Weekend Box Office: One Dud, One Underperformer, And One DOA

This weekend saw three new wide releases vie for President’s Day box-office dollars, but each also had to compete with three huge hits from last weekend, and the holdovers ultimately came out on top, drubbing all three newcomers in their opening weekends.

LEGO Batman once again topped the weekend, although it is experiencing a much bigger drop in its second weekend than the original LEGO Movie. However, over the four-day holiday it is expected to add around $41 million to bring its total to $106 million after 11 days. Once international grosses are accounted for, the second in the LEGO franchise should turn a tidy profit (on a $80 million budget) and set up the next installment in September, LEGO Ninjago. I don’t expect, either, that Rock Dog will put up much in the way of competition next weekend, so LEGO Batman should continue to dominate the kid’s market until the arrival of the live-action Beauty and the Beast on March 17th.

Second place went to another holdover, Fifty Shades Darker, which will tumble nearly 70 percent off its first weekend but end the President’s Day frame with around $25 million. Thanks to hefty receipts on Valentine’s Day, the film should end the weekend poised to break the $100 million mark with $94 million, while it has also added $95 million internationally. The $55 million budgeted film will cross $200 million globally after only 11 days, meaning there’s plenty enough here left in the tank to sustain next Valentine’s Day third film in the trilogy.

In third place was a newcomer, Matt Damon’s The Great Wall, but it looks to end the four-day weekend with a very weak $19 million for a movie ticketed at $150 million before marketing and advertising costs. That’s not good, and domestically, The Great Wall is going to be a huge dud. However, the movie wasn’t necessarily relying on American audiences to turn a profit. The film has already made $224 million internationally, including $170 million in China, which co-produced the film with American studios. The Great Wall was the first major attempt to make a movie designed to appeal to both Chinese and American audiences equally (with a huge American actor and Chinese director Zhang Yimou), and while it succeeded in China, they clearly haven’t found the right formula for cross-sectional appeal.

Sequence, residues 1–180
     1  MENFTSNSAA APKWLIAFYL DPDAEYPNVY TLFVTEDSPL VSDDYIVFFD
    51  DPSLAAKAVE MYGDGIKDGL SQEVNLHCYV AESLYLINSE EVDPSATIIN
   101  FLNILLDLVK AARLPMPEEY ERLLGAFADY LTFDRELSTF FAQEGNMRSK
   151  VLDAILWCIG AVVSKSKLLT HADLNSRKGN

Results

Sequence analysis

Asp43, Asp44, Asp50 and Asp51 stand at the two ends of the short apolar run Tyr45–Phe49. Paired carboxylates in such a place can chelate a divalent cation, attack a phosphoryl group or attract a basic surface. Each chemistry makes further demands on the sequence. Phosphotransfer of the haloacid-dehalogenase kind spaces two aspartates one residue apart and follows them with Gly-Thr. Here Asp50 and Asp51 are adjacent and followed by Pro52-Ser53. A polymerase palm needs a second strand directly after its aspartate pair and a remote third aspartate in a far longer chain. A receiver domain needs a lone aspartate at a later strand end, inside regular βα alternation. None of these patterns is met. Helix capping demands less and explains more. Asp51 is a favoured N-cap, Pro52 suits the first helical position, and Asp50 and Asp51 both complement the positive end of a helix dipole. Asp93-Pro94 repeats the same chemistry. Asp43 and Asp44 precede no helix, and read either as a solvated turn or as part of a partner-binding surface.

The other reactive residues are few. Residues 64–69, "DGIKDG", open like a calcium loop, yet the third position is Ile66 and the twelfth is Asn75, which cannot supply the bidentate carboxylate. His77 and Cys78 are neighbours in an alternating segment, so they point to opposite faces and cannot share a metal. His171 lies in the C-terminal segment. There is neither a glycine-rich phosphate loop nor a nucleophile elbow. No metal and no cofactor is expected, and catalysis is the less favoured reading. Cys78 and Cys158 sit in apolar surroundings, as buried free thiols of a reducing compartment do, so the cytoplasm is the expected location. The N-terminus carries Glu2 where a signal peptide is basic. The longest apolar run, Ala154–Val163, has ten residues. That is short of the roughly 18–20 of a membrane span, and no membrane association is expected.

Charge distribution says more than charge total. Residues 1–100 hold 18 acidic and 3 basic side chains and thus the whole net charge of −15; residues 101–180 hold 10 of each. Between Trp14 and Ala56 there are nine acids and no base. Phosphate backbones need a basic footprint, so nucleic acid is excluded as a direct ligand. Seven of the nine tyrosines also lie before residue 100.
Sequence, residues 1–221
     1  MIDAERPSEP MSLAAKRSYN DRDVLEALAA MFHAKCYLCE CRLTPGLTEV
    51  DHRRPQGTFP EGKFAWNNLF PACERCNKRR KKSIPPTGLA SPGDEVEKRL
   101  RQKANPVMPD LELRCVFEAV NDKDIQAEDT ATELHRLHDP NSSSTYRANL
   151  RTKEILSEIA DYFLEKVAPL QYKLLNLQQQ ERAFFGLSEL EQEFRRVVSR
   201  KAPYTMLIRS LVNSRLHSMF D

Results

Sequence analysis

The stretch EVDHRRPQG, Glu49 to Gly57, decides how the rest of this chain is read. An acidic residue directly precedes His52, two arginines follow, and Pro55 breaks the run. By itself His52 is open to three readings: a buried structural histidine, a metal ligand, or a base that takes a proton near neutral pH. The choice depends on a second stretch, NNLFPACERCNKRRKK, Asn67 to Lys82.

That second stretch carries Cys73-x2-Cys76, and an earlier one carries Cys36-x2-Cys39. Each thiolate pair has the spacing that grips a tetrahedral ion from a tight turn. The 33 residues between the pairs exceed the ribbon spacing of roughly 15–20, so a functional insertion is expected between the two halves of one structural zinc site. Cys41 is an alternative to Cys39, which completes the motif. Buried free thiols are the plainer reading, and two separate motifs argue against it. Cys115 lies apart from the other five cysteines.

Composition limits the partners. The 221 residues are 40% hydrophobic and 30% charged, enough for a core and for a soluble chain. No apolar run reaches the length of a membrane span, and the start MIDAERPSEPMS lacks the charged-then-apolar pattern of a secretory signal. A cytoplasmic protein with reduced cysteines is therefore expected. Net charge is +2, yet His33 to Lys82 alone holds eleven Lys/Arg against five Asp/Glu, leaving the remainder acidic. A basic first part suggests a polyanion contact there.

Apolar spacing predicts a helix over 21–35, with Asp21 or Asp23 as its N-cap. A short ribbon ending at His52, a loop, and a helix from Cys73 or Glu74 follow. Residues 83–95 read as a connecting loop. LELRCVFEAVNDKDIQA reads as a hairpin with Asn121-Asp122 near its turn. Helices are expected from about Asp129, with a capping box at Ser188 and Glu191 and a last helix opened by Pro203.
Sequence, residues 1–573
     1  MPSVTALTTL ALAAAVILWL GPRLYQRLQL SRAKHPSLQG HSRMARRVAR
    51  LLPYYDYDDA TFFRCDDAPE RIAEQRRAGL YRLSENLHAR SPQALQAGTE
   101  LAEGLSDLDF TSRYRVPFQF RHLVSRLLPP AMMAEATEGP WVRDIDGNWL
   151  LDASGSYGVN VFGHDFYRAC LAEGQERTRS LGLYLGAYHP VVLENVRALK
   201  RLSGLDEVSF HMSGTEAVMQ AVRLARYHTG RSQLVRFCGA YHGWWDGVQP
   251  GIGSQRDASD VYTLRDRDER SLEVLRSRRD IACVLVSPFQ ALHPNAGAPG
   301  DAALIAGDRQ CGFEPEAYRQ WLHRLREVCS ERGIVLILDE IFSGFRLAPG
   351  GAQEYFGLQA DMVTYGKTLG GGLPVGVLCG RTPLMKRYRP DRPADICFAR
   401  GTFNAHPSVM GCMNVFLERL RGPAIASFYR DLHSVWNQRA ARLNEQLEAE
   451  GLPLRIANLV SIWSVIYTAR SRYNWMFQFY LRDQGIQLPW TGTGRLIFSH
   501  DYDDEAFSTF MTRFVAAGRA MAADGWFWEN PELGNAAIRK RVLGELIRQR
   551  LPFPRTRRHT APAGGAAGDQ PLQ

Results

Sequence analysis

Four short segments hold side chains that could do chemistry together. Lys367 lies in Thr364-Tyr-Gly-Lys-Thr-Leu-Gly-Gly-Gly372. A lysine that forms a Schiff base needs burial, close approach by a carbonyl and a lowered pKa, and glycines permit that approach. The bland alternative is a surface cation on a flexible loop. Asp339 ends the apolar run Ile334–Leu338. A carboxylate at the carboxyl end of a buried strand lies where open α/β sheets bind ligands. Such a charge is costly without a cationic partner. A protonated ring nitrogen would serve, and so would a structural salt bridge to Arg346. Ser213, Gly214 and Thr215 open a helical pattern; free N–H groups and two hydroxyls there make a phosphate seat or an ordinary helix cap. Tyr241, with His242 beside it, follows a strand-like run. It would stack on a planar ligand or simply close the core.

The reviews were not good for The Great Wall (36 percent on Rotten Tomatoes) and the whitewashing controversy didn’t help matters, but I think the killer for The Great Wall was the miscasting of Matt Damon (with a pony tail) for a huge action spectacle. It’s not just that Damon isn’t a huge box office star here outside of the Bourne franchise, it’s also that the Bourne franchise wasn’t particularly big in China, either. This kind of movie probably could’ve benefited from a presence like The Rock or even Keanu Reeves.

Speaking of Reeves, his John Wick: Chapter 2 took fourth place this weekend, holding modestly well and adding around $18 million to bring its total to $60 million, making it the biggest box-office hit for Keanu Reeves since 2008’s The Day the Earth Stood Still, although Wick should come close to $100 million stateside, making it his biggest hit as the central star since 2003’s The Matrix Revolutions. Reeves, by the way, is 52 years old and still kicking ass.